About 10 years ago, I bought the sports car of my childhood dreams. Oops! After about a year of looking at it gather dust in the garage -- no, I didn’t want to risk any dings in a parking lot -- I sold it. And yes, I sold it for significantly less than I paid. When buying a car, it’s easy to get caught up in the excitement and forget about the finances. Had I honestly asked and answered number four below, I could have avoided a costly misstep.
To help you avoid a similar mistake, here are several questions to ask yourself before you buy your next vehicle:
Does it fit my budget? Obviously, that’s a question that will vary based on your situation, but if you can cap all your transportation costs at around 10-15% of your gross income, you should be on track. That includes gas, maintenance, insurance and the like. Yes, I know that can be a tall task, but the goal is to have less financial stress and more flexibility.
Can I afford what it’s really going to cost? Notice, how I slid maintenance, gas and insurance into the auto budget discussion above? You should too. When you’re making the decision, factor in all the costs to determine if you’ve got a good fit. In the opening, I didn’t mention the hit our car insurance premium took when I parked that beautiful German rocket in my garage…ugh!
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Am I getting a decent loan? Too often, I run into people with high double-digit interest rate car loans. In today’s interest rate environment that’s a problem. If your credit history keeps you from qualifying for anything but that type of loan, then you should buy nothing but bare-bones transportation while you work to put yourself in a better credit position.
How long will I be paying? Remember, the longer the term of your loan, the more you rack up in interest and the more likely you’ll be upside down. Yes, that means the eight-year loan you’re looking at to squeeze too much car into your budget is a bad idea. Shoot for a loan of five years or less.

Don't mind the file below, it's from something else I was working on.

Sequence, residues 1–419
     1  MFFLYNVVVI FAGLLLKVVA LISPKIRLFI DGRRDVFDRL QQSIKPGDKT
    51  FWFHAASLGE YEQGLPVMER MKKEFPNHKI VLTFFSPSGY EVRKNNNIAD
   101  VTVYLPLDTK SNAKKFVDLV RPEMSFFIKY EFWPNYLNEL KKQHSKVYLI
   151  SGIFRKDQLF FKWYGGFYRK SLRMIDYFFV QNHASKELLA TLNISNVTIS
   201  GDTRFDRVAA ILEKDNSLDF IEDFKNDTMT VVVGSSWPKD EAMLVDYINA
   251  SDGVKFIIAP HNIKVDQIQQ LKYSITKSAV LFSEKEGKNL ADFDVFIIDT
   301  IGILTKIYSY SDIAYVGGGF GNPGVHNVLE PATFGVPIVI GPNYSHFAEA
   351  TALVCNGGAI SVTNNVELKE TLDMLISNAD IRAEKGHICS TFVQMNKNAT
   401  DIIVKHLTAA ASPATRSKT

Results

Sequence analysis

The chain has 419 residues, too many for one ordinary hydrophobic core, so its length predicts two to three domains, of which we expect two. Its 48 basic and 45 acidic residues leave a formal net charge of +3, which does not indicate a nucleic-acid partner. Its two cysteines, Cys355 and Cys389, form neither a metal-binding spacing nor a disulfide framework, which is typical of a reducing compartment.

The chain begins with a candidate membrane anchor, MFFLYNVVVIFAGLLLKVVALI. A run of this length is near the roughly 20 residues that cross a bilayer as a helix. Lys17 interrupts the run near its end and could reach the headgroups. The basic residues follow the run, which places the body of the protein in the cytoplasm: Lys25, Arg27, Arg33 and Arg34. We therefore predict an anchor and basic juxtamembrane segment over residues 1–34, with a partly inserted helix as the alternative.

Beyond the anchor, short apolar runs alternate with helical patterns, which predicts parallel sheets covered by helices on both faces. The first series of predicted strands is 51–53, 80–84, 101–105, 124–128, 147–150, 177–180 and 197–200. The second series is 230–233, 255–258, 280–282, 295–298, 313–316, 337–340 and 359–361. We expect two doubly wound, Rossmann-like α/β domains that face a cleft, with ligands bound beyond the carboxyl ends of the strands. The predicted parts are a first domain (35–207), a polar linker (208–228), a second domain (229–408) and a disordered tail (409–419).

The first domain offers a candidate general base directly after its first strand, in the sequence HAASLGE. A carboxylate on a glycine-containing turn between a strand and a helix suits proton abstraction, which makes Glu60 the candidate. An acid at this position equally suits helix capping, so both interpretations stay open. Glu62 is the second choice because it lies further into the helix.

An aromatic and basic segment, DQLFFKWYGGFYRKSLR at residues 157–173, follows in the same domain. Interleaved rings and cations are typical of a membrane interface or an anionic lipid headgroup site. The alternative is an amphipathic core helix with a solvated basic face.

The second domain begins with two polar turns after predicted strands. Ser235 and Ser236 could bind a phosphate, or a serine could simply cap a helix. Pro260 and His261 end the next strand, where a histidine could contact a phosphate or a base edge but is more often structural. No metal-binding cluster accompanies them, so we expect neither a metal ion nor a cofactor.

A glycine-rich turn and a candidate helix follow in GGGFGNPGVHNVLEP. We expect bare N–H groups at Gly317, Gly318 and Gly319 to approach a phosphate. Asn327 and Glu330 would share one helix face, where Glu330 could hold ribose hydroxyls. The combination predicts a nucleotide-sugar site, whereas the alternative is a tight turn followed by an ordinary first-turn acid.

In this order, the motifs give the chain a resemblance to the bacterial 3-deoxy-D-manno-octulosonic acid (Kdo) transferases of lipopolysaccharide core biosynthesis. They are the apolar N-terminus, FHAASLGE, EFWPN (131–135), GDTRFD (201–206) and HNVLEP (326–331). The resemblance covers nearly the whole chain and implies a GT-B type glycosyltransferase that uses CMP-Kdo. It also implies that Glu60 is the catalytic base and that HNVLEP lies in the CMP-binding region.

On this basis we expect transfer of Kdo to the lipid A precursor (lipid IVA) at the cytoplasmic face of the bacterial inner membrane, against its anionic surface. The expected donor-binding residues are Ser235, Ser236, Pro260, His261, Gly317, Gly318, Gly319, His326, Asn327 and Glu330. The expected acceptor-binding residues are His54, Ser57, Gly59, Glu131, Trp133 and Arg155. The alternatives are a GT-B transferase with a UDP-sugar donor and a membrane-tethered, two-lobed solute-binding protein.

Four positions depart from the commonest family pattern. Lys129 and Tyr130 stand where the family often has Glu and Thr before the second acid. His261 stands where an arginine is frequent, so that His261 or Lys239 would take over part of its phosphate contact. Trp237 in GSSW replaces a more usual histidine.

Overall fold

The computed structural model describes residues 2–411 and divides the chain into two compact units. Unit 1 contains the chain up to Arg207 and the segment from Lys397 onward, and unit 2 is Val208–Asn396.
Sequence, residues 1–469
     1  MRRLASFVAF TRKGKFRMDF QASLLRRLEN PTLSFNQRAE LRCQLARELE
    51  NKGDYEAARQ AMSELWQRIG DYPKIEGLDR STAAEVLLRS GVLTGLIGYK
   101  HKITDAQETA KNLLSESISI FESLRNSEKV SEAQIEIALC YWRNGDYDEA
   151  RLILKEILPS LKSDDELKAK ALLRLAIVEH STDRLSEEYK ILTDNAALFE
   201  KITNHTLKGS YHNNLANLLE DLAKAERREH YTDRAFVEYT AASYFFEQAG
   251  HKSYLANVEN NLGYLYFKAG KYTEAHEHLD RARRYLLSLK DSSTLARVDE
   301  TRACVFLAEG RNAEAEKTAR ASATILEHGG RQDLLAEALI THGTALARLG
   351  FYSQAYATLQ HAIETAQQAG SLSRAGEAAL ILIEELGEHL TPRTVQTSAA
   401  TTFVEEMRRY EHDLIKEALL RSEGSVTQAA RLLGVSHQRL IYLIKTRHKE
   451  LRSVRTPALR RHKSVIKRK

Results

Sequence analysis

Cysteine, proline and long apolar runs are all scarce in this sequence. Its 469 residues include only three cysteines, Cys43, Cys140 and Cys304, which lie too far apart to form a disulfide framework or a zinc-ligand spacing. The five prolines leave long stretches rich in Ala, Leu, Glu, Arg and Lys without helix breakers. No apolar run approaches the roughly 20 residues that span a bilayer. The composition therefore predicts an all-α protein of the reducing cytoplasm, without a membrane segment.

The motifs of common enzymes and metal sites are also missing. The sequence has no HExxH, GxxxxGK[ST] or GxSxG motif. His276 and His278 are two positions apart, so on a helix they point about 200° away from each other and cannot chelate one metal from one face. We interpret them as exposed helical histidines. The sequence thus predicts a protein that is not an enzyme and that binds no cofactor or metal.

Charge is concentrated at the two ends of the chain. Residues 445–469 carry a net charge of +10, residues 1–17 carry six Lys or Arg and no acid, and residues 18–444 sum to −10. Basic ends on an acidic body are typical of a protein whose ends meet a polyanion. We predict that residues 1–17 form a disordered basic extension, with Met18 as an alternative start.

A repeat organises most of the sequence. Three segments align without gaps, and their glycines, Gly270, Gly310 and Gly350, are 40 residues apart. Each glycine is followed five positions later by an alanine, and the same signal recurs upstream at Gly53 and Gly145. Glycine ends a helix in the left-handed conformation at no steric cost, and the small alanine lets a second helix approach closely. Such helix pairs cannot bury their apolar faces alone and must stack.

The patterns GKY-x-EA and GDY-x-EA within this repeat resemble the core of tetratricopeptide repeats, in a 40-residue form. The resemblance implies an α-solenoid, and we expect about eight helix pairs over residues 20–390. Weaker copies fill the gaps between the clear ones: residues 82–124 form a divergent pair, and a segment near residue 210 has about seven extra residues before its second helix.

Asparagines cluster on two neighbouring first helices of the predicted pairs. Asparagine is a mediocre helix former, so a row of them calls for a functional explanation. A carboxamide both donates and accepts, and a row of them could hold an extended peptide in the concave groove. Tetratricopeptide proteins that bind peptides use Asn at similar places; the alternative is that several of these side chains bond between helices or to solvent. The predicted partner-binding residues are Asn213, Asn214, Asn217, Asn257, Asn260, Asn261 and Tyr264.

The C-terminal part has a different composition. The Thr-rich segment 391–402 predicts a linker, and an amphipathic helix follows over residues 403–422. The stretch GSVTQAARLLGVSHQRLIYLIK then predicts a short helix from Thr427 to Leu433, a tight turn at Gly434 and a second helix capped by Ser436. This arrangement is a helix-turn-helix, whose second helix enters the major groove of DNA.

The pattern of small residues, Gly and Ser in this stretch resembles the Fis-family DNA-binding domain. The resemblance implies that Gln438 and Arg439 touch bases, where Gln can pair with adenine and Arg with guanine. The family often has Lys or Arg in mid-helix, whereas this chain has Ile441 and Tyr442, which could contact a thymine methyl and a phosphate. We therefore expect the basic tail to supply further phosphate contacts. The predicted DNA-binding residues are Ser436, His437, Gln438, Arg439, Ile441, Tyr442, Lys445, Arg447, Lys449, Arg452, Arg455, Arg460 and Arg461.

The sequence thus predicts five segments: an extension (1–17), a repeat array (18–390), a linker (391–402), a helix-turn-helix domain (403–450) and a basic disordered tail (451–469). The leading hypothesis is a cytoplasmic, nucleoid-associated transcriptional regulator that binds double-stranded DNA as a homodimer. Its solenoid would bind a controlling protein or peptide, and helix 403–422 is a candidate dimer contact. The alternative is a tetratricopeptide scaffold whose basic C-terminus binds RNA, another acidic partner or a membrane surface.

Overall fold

Does this vehicle fit my lifestyle? I couldn’t even fit my golf clubs in the car, let alone my kids and dogs. Who was I fooling? Buy something that works for you (and perhaps, your family) and a vehicle you can drive for years to come, not something that you’ll regret in short order.
If you’re heading down the path toward a purchase and can’t answer all of those questions with a resounding “yes,” it may not be the right time or the right vehicle to buy.
Have you experienced buyer’s remorse from a questionable vehicle purchase?
About the Author: JJ Montanaro is a Certified Financial Planner® professional and part of the Military Affairs team at USAA. He’s a graduate of the U.S. Military Academy and has over 20 years of financial planning experience.
Disclosures: "Certified Financial Planner Board of Standards, Inc. owns the certification marks CFP® and CERTIFIED FINANCIAL PLANNER™ in the United States, which it awards to individuals who successfully complete the CFP Board’s initial and ongoing certification requirements."
The information contained is provided for informational purposes only and is not intended to substitute for obtaining professional financial advice. Please thoroughly research and seek professional advice before acting on any information you may have found in this article. This article in no way attempts to provide financial advice that relates to all personal circumstances.
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